Political crisis in Russia : the regional dimension / Irina Busygina. - Bonn, 1993 (Studie der Abteilung Außenpolitikforschung im Forschungsinstitut der Friedrich-Ebert-Stiftung ; 58). - ISBN 3-86077-112-4
4. The Constitutional Battles
In April-May 1993 the all-Russian Center for Investigation of Public Opinion (VZIOM) conducted an opinion poll. [ Nezavisimaya Gazeta, July 22, 1993, p. 5.] They questioned 200 experts regarding the problems of the political and economic development of Russia. Most of the experts believed that Russia would preserve its identity (only 5% against). Only 26% expected separatist trends to become stronger. The experts saw the most likely outcome of current developments in the creation of new Federation subjects through the merging of administrative units enjoying the status of the republics - for example, Srednerusskaya, Sibirskaya, Primorskaya, Ural republics. From this relatively optimistic outlook, one result of the poll was strikingly different: only 11% of the experts considered a federative structure to be the best form for Russias political organization. History will prove whether the experts were right in general or not, but the events of the following summer clearly showed that the federative structure of Russia represented a barrier which the Constitutional Assembly was unable to overcome.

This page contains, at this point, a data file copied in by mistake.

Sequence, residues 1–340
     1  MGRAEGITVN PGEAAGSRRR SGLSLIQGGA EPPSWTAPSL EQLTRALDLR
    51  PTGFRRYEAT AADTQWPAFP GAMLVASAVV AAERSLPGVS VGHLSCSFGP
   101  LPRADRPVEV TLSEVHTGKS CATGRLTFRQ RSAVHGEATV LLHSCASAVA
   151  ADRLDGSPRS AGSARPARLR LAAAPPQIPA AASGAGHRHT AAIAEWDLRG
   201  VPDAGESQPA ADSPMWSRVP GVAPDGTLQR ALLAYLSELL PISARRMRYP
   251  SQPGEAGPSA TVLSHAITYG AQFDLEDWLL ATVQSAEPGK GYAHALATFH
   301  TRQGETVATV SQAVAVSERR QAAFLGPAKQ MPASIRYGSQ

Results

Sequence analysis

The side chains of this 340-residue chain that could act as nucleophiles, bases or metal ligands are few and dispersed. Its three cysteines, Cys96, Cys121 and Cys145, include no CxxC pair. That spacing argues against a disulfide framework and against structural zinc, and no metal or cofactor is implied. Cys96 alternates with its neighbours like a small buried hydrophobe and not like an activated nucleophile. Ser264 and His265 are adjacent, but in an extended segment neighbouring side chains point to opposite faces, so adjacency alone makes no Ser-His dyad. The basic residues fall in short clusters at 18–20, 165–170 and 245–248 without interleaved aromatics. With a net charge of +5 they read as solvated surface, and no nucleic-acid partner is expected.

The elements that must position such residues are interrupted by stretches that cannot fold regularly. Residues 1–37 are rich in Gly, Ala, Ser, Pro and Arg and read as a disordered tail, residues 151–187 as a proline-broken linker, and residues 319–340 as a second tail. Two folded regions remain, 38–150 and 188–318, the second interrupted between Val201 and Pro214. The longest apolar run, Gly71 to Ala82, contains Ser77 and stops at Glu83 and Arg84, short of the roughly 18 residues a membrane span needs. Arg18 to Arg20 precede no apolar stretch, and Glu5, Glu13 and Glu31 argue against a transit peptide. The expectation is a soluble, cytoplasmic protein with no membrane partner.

By summer 1993, the regional development of Russia was marked by three main processes. [ The analysis was carried out by the experts of the Institute of Geography (Russian Academy of Sciences). See Nezavisimaya Gazeta, June 11, 1993, p. 1-2.]
1. Growing political apathy in most of the population, which neglects to participate in the formation of regional elites;
2. The return of the old nomenclatura" to power. Only political disorder brought outsiders" to the top of the regional hierarchy. In most of these cases such people were unable to establish themselves, to take root" without the support of their own" team;